north korean hacker

Lazarus, the renowned and notorious North Korean hacking group, has been found impersonating Coinbase to lure employees in the financial sector as their victims.

For those unaware, Coinbase is one of the world’s largest cryptocurrency exchange platforms for buying, selling, transferring, and storing digital currency.

The hacking group Lazurus, believed to be backed by the North Korean government, is well-known for conducting financially motivated attacks against banks, cryptocurrency exchanges, NFT marketplaces, and individual investors with significant holdings.

For this particular campaign, the modus operandi of the hacking group is to approach victims through hiring platforms such as LinkedIn and Indeed and entice them with a job offer and hold a preliminary discussion as part of a social engineering attack.

Due to Coinbase’s popularity, Lazarus was able to lure victims with a lucrative and enticing job offer at the prestigious organization.

Hossein Jazi, a security researcher at Malwarebytes who has been following Lazarus activity closely since February 2022, shared a screenshot of the sample email that was sent by the threat actors to target candidates. The fake job description reads “Engineering Manager, Product Security” at Coinbase.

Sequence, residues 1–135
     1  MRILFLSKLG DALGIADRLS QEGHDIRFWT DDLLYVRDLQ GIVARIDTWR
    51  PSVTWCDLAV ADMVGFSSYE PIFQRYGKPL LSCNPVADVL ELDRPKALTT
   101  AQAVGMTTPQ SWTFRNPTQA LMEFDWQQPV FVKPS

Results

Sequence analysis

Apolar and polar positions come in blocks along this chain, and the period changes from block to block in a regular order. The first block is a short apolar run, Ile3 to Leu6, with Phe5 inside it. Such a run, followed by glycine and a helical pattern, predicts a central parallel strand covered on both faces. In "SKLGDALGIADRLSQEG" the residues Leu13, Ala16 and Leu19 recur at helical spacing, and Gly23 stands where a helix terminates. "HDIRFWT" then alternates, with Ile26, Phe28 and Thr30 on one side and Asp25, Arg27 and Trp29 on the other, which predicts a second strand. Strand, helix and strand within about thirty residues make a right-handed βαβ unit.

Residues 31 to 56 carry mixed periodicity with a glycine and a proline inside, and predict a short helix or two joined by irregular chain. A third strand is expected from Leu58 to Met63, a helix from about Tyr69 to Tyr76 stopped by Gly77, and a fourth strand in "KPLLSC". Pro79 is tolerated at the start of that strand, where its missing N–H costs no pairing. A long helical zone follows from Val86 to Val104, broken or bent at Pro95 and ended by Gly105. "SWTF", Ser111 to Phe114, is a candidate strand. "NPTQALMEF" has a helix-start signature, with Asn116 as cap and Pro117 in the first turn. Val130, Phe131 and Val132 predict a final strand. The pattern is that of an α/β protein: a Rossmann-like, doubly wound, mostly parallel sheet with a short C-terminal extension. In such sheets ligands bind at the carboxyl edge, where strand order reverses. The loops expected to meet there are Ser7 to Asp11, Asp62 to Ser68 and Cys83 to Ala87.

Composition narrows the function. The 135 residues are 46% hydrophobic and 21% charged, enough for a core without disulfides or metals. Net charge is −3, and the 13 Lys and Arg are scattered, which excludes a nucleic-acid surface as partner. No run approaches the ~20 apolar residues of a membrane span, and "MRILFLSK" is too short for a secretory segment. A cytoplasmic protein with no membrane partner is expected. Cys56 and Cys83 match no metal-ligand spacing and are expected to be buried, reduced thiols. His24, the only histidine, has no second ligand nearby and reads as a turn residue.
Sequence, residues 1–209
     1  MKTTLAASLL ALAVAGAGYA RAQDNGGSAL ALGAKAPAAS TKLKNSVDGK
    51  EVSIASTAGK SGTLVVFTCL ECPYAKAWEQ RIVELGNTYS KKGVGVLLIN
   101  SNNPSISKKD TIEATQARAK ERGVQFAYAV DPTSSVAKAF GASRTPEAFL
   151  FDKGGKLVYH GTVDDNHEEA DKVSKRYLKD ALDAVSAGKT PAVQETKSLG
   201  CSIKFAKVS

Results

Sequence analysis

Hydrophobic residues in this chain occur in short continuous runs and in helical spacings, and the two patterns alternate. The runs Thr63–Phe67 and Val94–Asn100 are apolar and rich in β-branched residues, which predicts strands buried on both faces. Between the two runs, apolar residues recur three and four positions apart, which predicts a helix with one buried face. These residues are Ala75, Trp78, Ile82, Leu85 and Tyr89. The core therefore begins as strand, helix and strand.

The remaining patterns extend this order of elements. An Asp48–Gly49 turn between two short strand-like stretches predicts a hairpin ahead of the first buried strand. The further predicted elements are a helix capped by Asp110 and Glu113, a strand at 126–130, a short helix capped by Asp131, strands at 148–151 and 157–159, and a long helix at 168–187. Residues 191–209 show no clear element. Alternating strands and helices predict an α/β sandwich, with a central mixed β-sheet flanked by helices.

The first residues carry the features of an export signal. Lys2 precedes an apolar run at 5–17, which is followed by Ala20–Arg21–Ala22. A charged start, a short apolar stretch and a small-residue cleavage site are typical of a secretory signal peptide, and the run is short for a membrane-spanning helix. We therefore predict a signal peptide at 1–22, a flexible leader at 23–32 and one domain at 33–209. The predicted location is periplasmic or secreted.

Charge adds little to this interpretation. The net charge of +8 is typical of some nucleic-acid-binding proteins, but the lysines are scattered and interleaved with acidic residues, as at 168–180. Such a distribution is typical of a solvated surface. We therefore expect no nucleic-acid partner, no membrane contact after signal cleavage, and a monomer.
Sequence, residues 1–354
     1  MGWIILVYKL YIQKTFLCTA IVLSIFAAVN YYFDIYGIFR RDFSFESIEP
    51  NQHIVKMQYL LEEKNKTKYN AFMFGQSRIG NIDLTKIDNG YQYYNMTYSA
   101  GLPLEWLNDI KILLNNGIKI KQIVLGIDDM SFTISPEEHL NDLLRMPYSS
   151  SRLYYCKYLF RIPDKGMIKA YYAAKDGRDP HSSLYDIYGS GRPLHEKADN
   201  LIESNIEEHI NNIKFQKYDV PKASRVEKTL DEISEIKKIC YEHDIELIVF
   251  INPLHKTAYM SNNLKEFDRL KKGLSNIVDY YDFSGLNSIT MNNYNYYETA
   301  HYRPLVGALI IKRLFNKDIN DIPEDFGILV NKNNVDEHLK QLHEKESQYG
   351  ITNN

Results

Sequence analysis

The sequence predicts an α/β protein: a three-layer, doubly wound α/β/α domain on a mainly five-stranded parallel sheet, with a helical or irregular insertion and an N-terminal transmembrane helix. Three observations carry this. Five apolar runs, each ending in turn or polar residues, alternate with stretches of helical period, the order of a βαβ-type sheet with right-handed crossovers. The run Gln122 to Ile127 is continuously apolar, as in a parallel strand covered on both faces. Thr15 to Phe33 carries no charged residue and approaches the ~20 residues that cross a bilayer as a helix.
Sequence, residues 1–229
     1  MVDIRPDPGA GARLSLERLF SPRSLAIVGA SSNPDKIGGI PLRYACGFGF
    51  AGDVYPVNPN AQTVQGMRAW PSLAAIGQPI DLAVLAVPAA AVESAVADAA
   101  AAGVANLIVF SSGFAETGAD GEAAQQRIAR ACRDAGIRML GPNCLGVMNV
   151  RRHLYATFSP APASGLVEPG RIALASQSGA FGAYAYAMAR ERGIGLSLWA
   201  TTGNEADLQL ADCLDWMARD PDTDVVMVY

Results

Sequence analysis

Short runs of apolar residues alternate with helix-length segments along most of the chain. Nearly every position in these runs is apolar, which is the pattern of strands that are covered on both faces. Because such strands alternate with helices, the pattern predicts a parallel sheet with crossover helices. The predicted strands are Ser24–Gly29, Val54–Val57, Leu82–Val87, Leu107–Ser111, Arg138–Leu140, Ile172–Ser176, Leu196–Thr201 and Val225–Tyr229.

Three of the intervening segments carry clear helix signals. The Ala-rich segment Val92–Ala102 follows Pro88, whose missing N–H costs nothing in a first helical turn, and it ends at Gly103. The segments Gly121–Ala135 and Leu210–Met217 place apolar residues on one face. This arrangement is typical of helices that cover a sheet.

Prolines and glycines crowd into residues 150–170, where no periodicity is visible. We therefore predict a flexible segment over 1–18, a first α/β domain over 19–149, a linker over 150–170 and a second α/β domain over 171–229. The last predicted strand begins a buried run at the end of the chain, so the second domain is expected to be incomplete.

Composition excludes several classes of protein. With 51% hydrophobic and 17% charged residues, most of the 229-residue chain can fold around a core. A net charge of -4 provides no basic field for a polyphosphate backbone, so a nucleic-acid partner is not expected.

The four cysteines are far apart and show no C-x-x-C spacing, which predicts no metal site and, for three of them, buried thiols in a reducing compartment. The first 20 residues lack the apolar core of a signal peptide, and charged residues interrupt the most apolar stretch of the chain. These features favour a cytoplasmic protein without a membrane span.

The email states that Coinbase looks at a few things they look at before hiring at the company, regardless of role or team.

“First, we look for candidates who will thrive in a culture like ours, where we default to trust, embrace feedback, and disrupt ourselves. Second, we expect all employees to commit our mission-focussed approach to our work. Finally, we seek people who are excited to learn about and live crypto, because those are the folks who enjoy the intense moments in our sprint and recharge work culture,” it read.

In addition, it also said, “We’re a remote-first company looking to hire the absolute best talent all over the world.”

According to BleepingComputer, the victims are targeted to download what they believe is a PDF about the job position titled “Coinbase_online_careers_2022_07.exe.” However, they actually end up downloading a malicious PDF executable file unknowingly, which is masked to load a malicious DLL.

Once executed, the malware will use GitHub as a command and control server to receive commands about what to do on the infected device.

This attack chain is similar to the one documented by Malwarebytes in a blog post in January 2022.

Jazi told BleepingComputer that “Lazarus follows similar tactics and methods to infect their targets with malware, and the individual phishing campaigns feature infrastructure overlaps.”

In the past, Lazarus has used the same type of attack to conduct fake job offer campaigns for General Dynamics and Lockheed Martin.

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